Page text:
Tastefully Yours Catering

Healthy Can Be Tasty - Part 1

May 14, 04:22 PM

As we shed the outer layers of sweaters and jackets from the cold winter months, and we realize spring is rapidly approaching, I’m regularly asked what a person can eat to shed a bit of weight and trim the winter bulge.
We all want to eat healthy, but what exactly is healthy? In my opinion, healthy is individual; it is what your body needs . . . as a flight crew member flying a crazy schedule you need a higher protein, higher energy diet with more antioxidants than we might require on the ground with a “normal” 9-5 job. One glove doesn’t fit all, nor does a nutritional program fit everyone. But how do you achieve healthy eating? Over the next few weeks, I am going to suggest several dietary changes over that might help you get started.

Unfortunately you the passenger, or flight crew are, in part, at the mercy of your global food sources. Is that food source able to step off a programmed menu with scripted recipes and prepare a special request that meets your definition of healthy? Is the food source sophisticated enough to understand how to make their normal fare healthier? What choices are available to you in a given market for catering? Or are you just lucky to have bottled water and dry pantry snacks in the galley from the departure location of some areas of the world? I remember a trip one time with one of my daughters; she lived off of dry snacks from her suitcase for days as she was too timid to try the foods we were confronted with during our travels. Are you too timid to try a healthier version of the foods you enjoy eating right now? Step one of eating healthy and meeting your nutritional needs means you should share with the person or persons responsible for ordering the catering for your flight, what you are trying to achieve. If you work with a company that allows you to choose from a preplanned menu from contracted caterers, insist that some of these choices fit a healthier lifestyle. Ask for some ingredient substitutions in the recipe to make the food you desire healthier.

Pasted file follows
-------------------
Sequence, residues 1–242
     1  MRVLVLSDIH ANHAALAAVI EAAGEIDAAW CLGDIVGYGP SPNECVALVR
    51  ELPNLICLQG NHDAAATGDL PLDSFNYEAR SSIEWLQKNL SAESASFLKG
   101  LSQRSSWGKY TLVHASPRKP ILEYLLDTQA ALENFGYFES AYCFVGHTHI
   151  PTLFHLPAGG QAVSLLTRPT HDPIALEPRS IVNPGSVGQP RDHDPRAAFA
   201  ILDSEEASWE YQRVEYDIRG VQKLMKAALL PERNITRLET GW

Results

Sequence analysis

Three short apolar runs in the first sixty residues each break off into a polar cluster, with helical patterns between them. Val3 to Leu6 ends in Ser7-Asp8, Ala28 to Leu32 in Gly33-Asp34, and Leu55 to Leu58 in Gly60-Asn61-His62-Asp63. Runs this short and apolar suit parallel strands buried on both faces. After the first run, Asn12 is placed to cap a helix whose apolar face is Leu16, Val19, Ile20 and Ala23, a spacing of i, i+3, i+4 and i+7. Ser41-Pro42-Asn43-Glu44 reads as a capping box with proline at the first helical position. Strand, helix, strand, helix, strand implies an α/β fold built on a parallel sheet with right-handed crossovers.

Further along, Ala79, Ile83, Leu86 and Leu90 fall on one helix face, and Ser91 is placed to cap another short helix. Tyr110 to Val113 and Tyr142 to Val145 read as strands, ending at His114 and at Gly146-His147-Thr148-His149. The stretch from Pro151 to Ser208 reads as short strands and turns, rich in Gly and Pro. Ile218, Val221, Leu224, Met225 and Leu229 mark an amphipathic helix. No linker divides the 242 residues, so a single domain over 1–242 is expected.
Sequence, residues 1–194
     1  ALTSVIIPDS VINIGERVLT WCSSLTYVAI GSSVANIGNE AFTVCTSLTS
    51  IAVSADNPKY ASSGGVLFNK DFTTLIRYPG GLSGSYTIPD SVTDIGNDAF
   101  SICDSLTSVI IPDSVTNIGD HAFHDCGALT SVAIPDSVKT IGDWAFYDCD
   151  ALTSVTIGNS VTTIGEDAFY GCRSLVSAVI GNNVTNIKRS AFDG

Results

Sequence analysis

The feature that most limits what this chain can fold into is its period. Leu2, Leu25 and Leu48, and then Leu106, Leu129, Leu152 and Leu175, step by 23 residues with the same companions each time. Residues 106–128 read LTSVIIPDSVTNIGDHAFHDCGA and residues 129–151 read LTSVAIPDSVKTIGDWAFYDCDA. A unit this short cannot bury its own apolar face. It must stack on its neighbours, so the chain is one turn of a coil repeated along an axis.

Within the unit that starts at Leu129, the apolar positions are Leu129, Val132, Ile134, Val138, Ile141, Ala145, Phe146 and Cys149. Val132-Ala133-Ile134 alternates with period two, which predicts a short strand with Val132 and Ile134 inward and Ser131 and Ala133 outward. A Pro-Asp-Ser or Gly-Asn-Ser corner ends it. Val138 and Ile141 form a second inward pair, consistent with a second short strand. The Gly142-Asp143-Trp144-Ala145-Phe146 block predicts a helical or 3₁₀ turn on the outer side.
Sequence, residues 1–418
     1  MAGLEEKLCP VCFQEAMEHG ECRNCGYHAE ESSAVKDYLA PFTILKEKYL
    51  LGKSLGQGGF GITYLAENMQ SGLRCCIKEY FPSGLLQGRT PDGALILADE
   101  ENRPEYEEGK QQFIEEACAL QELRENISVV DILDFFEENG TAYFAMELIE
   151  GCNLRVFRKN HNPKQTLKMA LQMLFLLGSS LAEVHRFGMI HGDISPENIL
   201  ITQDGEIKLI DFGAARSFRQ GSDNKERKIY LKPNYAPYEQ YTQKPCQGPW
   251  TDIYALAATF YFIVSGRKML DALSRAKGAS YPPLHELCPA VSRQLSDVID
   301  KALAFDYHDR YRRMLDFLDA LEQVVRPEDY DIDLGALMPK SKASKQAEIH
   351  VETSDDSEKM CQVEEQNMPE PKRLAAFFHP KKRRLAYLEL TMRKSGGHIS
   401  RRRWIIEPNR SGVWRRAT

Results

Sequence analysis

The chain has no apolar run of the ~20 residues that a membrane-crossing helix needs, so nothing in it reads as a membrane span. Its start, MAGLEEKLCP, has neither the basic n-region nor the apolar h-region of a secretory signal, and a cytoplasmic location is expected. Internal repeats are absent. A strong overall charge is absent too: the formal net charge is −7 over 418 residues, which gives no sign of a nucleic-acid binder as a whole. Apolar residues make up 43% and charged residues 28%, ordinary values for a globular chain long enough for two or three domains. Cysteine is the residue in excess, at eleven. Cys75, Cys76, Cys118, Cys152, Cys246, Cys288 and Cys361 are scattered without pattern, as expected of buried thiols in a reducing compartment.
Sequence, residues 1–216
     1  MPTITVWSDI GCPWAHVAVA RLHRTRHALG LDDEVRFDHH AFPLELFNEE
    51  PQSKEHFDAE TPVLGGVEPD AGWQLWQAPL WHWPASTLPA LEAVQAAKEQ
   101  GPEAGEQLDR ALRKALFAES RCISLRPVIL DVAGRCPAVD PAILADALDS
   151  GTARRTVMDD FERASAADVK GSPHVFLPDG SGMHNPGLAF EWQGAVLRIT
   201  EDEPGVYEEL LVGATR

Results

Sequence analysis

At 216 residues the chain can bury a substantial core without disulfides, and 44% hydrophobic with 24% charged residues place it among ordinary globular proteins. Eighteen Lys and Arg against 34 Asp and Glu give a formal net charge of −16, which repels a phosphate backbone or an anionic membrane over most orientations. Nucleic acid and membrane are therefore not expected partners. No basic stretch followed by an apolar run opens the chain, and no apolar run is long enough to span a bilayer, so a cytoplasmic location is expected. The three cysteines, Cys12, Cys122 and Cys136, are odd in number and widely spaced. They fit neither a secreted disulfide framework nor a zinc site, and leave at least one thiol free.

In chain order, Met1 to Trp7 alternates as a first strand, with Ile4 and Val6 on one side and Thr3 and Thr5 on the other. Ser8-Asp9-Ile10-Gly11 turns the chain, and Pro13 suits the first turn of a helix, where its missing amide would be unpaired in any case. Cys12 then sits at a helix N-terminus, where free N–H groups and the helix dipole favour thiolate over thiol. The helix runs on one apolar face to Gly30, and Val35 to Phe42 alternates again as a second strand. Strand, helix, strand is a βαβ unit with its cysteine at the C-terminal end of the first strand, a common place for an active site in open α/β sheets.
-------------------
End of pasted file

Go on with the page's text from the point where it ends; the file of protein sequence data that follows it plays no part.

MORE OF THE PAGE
Many diners equate “healthy” with flavorless. I have always been one of those people until I began working with our dietitian Heather Hibben. She, although not a certified chef, is an excellent cook, who has introduced me and the Tastefully Yours staff to an alternative for those passengers and flight crews who are in need of food that better sustains them and their rigorous schedules.

Heather first introduced our kitchen to some simple ingredients to swap to make our dishes more flavorful and healthy. Believe me, I was a doubting Thomas. I wanted to see it to believe it. I wanted to taste it (well, honestly I thought the food would be dreadful and flavorless and wasn’t quite sure I could bring myself to the actual taste). I couldn’t believe that my mother and grandmothers recipes which made us famous could (or even should be) altered and taste the same or better. One by one she began redefining some of our standards to be healthier overall. Her first project was to transform my great grandmother’s Swedish Butter cookie recipe. The name says it all . . . butter. This is one of my all-time favorites. I was actually frightened by the thought of making a change to her generations – old recipe that came with her mother on their journey to the United States from their homeland in Sweden.